HorrorEssential Halloween Viewing

October 30, 2015228 min

“Do you like scary Movies?”
When it comes to holidays there may not be one more fun then Halloween. Sure Christmas gets all the love, but with Halloween we all get to find our inner child and it’s the only time of the year we actually enjoy being scared. So each year we seek out ways that will make us jump and in some cases scream, so we turn to haunted houses and our favorite scary movies. We here at The Cin-Men like our frights as well so we put together a list of movies that each of us think is essential viewing, what’s on your list?

Brian Taylor

1. “Psycho” “A boy’s best friend is his mother”
Forty-five years ago Alfred Hitchcock made a lot of people scared to take a shower. “Psycho” didn’t just make us a little scared to bathe; it also made us fear guys a little close to their mothers. Not many people have ever played crazy like Anthony Perkins, and for me even after forty-five years this film still in a Halloween must for me.

2. “The Omen” “ Look at me, Damien! It’s all for you”
A good go too for a Halloween movie is one about the Anti-Christ. Make him a little boy named Damien, and you got me sold. There is just something about that kid in that movie that creeped me out, maybe it was the way he looked at you or just he look period. What ever it was Richard Donner gave us a film that still holds up today.

3. “A Nightmare on Elm Street” “Come to Freddy”
When Wes Craven came up with the idea to have a serial killer who was killed for his acts haunt the dreams of the children of his killers (did you get all that?) I wish I were in the room. Dreams are suppose to be the place of happiness, but with the help of an ugly sweater and a glove made of knives, dreams became nightmares.

4. “Evil Dead 2” “ Then let’s dead on down into that cellar and carve ourselves a witch”
I do like to be scared, but I also enjoy a good laugh at the same time. When Sam Raimi released the cult classic Evil Dead, it was meant to scare. Fast forward some years later and Raimi and Bruce Campbell found their calling as “Evil Dead 2” gives you the beat of both worlds. Not often is a sequel better then the original, but in this case it is in every way.

5. “Halloween” “ Death has come to your little town, sheriff”
I call this pick “the movies with a guy in a mask who carries a big knife (or chainsaw) pick.” In the late seventies and throughout the eighties we had out pick of demented souls who liked to kill teenagers, usually when or before they were about to have sex. For me “Halloween” is the king of that genre. It could be because John Carpenter made this or because Jamie Lee Curtis can scream with the best of them. Either way I love this movie for all the right reasons.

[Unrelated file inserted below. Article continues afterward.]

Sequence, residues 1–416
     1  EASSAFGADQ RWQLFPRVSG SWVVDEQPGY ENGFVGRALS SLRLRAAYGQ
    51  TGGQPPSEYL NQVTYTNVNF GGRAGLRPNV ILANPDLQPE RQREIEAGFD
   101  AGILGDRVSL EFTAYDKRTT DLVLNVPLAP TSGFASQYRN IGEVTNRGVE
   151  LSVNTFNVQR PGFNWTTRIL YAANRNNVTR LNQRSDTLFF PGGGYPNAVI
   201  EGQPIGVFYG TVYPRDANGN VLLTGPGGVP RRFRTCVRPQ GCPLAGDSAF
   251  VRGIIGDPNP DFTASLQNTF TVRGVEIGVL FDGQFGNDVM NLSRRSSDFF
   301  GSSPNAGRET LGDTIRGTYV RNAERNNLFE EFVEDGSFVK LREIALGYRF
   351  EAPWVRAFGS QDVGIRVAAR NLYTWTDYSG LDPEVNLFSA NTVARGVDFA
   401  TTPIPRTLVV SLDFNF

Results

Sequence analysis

—Robert L. Castillo

5. In the Mouth of Madness- You can never have too much John Carpenter during the Halloween season. This is still one of the few films that can still creep me out in several scenes, even today. As Sam Neil’s character slowly starts to unravel so does his reality in this excellent modern Lovecraft mash-up.

4. Dead Alive- In what could be considered the funniest/goriest film ever made, this early work by director Peter Jackson (The Lord of the Rings) has zombies, oversized rats, gallons of blood, and of course a priest who ‘kicks ass for the Lord’. How can you not love this film?

3. A Nightmare on Elm Street- The late, great Wes Craven still has one of the best ideas in horror. If you fall asleep, you die. How brilliant is that? Sure Freddy is the monster that got sillier as time went on, but the true inescapable villain of the piece is every humans need to sleep. Sheer genius.

2. Trick r’ Treat- Of the many horror films that present anthologies of terror like “Cat’s Eye”, “Creepshow”, and “Twilight Zone: The Movie” this most recent addition is super fun as well as nostalgic in it’s approach to a series of stories that bleed (pun intended) into each other but tell unique creepy tales that get better as it goes along.

  1. Halloween- Yes it’s easy to put on a list, and it’s a classic, but truly, seriously, this is a fantastic film that to me never gets old. Carpenter made many classics in the horror genre, but this original masterpiece has the whole package from the spooky town, the terrifying unstoppable killer, to the unforgettable, unsettling music. It deserves the name of the season as it ushered in the beginning of true horror and still holds up after decades of viewings in the dark.

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